Bono: [Laughs] Well, if they see it that way, then we’ve succeeded. 

Clayton: I think we miscalculated. If art reflects life, then we were serious. And then, when we weren’t going to be as serious, we didn’t realize how serious everyone else was. It’s very serious out there. And we’re laughing at it. There’s something wrong. 

Bono: We have this idea of the rock star as some kind of malaise. You’ve got to ask yourself: What’s up with it? Is it the trappings? Or is it the music? What is most important? The most boring people can be politically correct, they can form a group, have all the right ideas—and the music is just hogwash. Then you get some asshole, who beats his wife and reads all the wrong papers and—

Larry Mullen, Jr.: —wears sunglasses and a fly suit. 

Bono: [Laughs] Yeah, he might as well wear sunglasses, whatever it is, you can add it all up. But then the music that this character makes may be sublime. You shouldn’t confuse the musician with the music. People expected too much of U2. The only thing that we’re responsible to is the music. And we have a dialogue in that music with our audience, and the rest is nonsense. We used to think that the trappings were very important. We spent the ’80s trying to figure out a way of dealing with money, stardom, and all the bullshit. And in the ’90s, we realized that it wasn’t very important. The music is important. 

And now that you know that, you can sit back in your 727 and have a drink at the bar? 

Bono: If a 727 is the most efficient way of flying ’round with your crew, affording them some kind of life—the only responsibility is to at least not take it too seriously and enjoy it. These are legal vices. They’re unimportant. But it’s quite important that, if your audience is wrapping you, dressing you in the clothes of morality, you take them off. Because that’s not the job of the artist. People wanted to make us heroes, so that then, if we agreed to that job, they could throw stones at us, telling us we were preaching at them. But if we don’t preach at them, they throw stones at us anyway. So it’s all a waste of time. 

Nevertheless, you took part in a protest action against the nuclear power station in Stellafield [England] last year—and you wore all sorts of antinuclear clothes. Is this serious fun?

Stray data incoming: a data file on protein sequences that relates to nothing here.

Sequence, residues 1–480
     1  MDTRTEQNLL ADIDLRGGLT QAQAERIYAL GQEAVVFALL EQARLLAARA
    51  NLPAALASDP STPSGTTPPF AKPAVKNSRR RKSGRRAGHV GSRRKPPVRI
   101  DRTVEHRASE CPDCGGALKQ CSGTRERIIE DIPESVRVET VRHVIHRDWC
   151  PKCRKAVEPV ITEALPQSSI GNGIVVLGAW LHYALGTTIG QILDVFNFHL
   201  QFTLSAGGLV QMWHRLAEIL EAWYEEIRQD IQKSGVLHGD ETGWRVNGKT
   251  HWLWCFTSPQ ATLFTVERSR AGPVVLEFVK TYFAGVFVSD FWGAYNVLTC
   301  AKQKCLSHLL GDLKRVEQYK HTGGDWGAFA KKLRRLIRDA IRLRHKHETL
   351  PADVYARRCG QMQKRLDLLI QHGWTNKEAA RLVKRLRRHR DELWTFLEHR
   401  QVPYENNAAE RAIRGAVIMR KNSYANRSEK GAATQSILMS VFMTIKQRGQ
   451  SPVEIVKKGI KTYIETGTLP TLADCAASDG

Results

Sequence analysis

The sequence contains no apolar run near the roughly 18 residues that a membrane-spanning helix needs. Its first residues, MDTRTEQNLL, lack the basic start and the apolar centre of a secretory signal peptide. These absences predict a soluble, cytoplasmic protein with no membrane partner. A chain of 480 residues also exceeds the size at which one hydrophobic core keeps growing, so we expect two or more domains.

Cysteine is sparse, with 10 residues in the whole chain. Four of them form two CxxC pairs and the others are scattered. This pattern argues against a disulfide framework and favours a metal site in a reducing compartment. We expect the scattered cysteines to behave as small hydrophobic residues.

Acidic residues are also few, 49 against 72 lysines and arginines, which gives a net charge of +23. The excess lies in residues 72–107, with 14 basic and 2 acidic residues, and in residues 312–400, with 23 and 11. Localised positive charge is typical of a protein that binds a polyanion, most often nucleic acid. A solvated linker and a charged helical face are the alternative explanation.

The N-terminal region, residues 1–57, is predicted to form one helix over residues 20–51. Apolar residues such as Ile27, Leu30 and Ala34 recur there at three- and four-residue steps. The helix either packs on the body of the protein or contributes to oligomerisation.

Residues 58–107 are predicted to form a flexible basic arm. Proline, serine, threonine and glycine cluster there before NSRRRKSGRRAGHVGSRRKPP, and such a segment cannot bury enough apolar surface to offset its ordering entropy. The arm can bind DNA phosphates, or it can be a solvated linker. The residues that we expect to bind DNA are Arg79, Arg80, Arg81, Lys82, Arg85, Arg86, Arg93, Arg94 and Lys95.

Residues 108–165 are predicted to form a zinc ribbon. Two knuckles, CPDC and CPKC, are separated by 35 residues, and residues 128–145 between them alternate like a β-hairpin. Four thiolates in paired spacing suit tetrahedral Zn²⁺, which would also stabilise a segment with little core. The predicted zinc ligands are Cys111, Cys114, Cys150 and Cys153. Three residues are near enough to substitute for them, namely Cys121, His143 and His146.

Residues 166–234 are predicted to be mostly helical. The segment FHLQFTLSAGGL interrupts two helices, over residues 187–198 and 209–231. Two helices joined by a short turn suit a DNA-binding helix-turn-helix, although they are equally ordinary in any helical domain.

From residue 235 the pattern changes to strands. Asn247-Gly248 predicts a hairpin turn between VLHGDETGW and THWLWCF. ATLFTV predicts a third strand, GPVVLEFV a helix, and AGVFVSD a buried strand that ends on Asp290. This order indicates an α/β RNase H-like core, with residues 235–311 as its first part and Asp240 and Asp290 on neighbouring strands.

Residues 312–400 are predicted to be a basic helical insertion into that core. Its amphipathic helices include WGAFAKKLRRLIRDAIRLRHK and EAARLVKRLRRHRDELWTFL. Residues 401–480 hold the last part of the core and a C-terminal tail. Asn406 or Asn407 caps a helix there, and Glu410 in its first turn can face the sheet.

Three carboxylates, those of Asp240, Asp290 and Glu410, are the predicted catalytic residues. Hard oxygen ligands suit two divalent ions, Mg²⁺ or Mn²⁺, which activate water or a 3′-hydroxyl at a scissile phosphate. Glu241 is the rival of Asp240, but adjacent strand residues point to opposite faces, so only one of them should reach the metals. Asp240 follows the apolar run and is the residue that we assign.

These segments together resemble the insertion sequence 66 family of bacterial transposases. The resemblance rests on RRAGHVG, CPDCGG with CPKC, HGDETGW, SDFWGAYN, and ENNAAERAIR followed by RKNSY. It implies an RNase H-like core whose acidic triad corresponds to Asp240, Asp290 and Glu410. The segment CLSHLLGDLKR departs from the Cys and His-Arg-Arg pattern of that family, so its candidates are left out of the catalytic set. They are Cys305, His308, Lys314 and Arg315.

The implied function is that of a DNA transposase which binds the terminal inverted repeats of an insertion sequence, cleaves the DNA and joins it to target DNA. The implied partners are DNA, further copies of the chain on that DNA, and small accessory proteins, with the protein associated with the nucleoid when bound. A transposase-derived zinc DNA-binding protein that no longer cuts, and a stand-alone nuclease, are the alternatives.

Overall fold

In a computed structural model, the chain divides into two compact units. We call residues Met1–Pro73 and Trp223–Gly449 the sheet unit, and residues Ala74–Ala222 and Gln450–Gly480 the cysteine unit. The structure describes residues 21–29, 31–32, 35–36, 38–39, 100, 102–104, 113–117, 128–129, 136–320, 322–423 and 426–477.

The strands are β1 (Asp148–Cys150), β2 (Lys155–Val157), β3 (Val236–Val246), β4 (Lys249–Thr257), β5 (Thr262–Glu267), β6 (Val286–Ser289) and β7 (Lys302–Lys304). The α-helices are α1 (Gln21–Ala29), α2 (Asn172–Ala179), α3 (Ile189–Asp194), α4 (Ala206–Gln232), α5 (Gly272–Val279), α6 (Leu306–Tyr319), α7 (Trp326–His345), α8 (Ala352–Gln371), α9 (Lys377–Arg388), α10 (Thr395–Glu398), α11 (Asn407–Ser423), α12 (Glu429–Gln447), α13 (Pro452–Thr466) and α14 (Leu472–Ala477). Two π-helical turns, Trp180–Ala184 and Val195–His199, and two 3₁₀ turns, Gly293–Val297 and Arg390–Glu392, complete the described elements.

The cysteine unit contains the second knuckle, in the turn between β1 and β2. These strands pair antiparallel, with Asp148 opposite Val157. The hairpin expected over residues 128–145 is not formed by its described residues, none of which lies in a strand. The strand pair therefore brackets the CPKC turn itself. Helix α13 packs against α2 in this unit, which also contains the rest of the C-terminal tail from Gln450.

Bono: Yeah, it worked. 

Clayton: I think people realized that, if nuclear power wasn’t stopped, everyone would end up looking like that. And these aren’t great clothes to go anywhere. [Laughs] 

The Edge: It’s possible to do what you do with a little bit of wit and also hit some serious issues along the way. Music without any humor and that sense of humanity can get very dreary. 

Before you started your U.S. tour last year you said you didn’t want to get involved In the U.S. elections—

The Edge: Yeah, we lied. 

Bono: But we didn’t know we were lying at that time. 

You even met with Bill Clinton. Don’t you think it’s a bit strange that a rock band from Ireland has such, well, an influence on American politics? 

Bono: You shouldn’t forget that the American President has a great deal of influence on all of our lives—here in Ireland, in Nicaragua, everywhere in the world. 

The Edge: But we didn’t sit down and plan to make a statement on the election. It almost happened by accident as the Zoo TV tour started. Then the George Bush video and the calls from the stage to the White House happened. Our feelings about it started to come through almost in spite of what we wanted. ‘Cause we were very anxious and nervous about making any direct statements. We were aware that we were outsiders, coming in. 

Bono: We even told Clinton that we wouldn’t endorse him. And he was okay about that. But it was, I have to say, very surreal when our prime minister went over to see Clinton. Clinton turned ’round to our prime minister and told him that we played a large role in getting him elected. And I said, “What?” We all scratched our heads over that.